Dora's Spring Lamb Casserole Recipe

Dora's Spring Lamb Casserole Recipe
Staff Writer
Close up of lamb
Allison Beck

Close up of lamb

Growing up in Puglia, Nicola’s mother Dora would make this comforting lamb dish every Easter.

Bite-sized morsels of baby lamb are braised until tender and then covered with a mixture of beaten eggs and spring peas. The dish is then baked so that the eggs solidify, covering the lamb like a blanket. — Allison Beck

Ingredients

  • ¼ cup olive oil
  • 3 medium onions, diced
  • 1 baby lamb shoulder, boned and cut into 2-inch cubes (approximately 4 pounds meat)
  • Salt
  • Freshly ground black pepper
  • 3-4 sprigs thyme
  • ¼ cup chopped fresh parsley
  • 2-3 cups lamb, chicken stock, or water.
  • 3 cup fresh peas, blanched, or thawed frozen peas
  • 6 large eggs
  • 2/3 cup grated mild Pecorino Romano cheese

Directions

In a large skillet or casserole, heat the olive oil over medium heat and add the onion; cook until it begins to turn translucent, about 10-15 minutes. Toss the lamb pieces with salt and pepper to season, and then add them to the onion. Cook and stir until lamb pieces are browned on all sides. Add the thyme, half of the parsley, and 2 cups of the stock or water. Cook to a simmer and reduce heat to low and cover. Cook for 30 minutes, checking occasionally to make sure the liquid hasn’t completely evaporated, adding more liquid if necessary. Add the peas and cook 10 minutes longer.  If desired, transfer to an ovenproof serving dish (you’ll bring the dish straight from the oven to the table).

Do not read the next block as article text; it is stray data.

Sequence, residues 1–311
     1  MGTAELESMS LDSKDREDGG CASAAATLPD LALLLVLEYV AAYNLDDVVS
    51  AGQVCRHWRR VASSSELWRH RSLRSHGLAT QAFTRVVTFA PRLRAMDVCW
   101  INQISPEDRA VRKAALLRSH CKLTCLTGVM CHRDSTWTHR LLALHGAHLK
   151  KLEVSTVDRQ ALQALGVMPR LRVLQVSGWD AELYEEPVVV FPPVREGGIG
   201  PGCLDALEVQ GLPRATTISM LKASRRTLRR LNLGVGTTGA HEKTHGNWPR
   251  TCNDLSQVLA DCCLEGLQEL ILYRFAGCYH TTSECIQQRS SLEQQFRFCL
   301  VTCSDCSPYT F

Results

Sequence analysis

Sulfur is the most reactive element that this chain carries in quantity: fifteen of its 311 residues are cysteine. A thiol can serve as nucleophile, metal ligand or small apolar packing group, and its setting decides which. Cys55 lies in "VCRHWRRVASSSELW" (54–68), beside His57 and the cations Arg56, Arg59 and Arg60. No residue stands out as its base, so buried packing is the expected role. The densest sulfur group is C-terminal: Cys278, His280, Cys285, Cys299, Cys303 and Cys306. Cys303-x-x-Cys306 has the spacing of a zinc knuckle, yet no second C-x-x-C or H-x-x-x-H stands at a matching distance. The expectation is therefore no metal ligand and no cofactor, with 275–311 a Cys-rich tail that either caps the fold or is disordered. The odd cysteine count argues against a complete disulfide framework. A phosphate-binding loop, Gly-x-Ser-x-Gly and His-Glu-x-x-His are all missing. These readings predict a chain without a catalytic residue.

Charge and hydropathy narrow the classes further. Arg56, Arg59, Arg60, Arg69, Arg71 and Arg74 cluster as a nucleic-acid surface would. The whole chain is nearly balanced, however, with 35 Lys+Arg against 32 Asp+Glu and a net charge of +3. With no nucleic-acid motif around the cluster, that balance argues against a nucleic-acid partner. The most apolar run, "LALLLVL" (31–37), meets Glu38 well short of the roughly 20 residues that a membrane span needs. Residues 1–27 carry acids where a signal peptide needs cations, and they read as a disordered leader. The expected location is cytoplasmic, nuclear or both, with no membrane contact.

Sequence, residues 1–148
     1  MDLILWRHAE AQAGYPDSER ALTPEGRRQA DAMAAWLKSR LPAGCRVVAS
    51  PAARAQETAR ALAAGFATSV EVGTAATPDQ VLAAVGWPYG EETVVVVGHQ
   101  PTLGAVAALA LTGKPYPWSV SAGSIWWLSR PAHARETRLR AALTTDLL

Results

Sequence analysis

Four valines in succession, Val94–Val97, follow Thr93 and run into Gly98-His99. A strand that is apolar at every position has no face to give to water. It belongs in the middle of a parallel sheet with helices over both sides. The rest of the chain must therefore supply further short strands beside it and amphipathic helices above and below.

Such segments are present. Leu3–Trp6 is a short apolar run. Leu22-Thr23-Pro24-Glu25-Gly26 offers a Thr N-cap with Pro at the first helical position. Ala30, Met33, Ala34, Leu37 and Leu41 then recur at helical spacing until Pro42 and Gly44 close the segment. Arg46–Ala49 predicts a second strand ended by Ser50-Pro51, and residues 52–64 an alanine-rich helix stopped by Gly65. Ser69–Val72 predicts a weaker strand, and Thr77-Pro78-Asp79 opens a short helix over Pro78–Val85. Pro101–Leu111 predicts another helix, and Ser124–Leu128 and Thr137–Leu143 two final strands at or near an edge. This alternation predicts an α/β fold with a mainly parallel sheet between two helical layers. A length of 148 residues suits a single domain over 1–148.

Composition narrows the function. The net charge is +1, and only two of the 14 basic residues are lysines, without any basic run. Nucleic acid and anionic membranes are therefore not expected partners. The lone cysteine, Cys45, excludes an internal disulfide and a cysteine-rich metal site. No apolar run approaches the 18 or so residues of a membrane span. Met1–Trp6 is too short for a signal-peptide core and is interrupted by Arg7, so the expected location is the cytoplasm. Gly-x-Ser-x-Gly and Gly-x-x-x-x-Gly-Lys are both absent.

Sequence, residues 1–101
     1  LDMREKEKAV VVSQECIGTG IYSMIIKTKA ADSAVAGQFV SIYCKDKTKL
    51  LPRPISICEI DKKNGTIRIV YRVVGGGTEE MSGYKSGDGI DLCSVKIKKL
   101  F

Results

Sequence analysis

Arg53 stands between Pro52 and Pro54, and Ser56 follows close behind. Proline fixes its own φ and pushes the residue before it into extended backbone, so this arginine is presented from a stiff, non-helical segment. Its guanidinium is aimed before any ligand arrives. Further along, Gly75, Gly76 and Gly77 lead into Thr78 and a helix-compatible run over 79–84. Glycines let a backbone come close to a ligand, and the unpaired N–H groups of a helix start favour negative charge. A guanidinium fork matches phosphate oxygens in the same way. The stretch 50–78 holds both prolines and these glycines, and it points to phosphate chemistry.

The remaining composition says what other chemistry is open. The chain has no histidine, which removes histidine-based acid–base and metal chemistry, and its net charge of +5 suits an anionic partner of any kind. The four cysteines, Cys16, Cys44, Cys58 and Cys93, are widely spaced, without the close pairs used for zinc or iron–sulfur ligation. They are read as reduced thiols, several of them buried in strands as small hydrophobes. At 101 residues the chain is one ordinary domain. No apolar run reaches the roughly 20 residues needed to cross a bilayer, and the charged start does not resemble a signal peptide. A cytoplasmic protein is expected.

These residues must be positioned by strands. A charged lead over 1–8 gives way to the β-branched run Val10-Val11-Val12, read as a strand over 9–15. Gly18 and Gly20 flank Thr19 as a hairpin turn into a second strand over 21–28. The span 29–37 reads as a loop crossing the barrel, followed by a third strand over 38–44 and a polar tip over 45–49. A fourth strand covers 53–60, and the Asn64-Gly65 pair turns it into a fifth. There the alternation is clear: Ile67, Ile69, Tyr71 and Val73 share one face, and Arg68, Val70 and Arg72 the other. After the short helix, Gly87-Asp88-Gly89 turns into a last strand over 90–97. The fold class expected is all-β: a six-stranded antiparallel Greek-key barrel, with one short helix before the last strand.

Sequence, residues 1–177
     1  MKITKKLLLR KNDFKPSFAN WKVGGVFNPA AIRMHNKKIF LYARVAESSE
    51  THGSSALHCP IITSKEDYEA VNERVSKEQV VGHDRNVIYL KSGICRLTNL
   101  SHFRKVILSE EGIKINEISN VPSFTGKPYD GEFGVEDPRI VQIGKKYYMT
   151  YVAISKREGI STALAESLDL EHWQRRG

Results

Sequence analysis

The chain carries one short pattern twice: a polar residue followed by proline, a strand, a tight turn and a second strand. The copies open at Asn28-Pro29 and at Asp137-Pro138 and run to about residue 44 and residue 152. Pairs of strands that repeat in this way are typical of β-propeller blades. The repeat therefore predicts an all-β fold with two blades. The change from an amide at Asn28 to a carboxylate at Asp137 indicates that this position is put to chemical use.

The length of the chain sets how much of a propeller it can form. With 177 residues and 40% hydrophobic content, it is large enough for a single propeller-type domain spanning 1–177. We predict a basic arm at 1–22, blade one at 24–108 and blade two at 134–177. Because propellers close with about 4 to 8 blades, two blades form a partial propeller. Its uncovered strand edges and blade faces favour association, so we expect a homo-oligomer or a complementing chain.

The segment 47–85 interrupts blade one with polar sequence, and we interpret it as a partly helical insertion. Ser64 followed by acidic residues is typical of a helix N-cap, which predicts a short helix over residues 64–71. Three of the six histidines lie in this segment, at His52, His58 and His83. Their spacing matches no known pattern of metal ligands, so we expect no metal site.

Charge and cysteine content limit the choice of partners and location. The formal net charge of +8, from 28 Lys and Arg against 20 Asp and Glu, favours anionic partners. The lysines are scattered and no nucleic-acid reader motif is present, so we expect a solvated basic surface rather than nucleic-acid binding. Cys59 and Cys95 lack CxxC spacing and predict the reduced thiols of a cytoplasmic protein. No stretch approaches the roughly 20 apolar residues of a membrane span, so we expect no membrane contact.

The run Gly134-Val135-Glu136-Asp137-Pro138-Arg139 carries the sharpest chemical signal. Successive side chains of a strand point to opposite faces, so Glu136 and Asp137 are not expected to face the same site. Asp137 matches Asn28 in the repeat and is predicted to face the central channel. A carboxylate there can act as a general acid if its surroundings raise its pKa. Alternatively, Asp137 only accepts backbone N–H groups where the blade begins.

Beat the eggs with some salt and pepper, the cheese, and the remaining parsley. Pour over the lamb and peas. Bake in a 425 degree oven until the eggs are set and begin to puff slightly, about 5 minutes.

Lamb Shopping Tip

Look for meat that is bright red. Red meat turns paler as the hemoglobin within releases oxygen – a sign that the meat has been sitting too long at the butcher's counter.

Lamb Cooking Tip

When browning meat, resist the urge to move the meat – you must allow a flavorful crust to form over high heat. Once it has formed, the meat should slide freely with the shake of a pan.

Lamb Wine Pairing

Most red wines, especially cabernet sauvignon, but also including cabernet franc, mourvèdre, Rhône blends, zinfandel, petite sirah, nebbiolo, nero d'avola, primitivo, barbera, and sangiovese.